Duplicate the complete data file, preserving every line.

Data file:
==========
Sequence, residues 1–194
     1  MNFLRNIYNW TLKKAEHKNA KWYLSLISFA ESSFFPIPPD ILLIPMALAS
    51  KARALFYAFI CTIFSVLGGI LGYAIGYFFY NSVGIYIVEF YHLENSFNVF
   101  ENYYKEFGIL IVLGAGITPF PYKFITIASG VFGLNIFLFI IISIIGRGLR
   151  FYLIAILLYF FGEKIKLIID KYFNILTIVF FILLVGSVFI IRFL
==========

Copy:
Sequence, residues 1–194
     1  MNFLRNIYNW TLKKAEHKNA KWYLSLISFA ESSFFPIPPD ILLIPMALAS
    51  KARALFYAFI CTIFSVLGGI LGYAIGYFFY NSVGIYIVEF YHLENSFNVF
   101  ENYYKEFGIL IVLGAGITPF PYKFITIASG VFGLNIFLFI IISIIGRGLR
   151  FYLIAILLYF FGEKIKLIID KYFNILTIVF FILLVGSVFI IRFL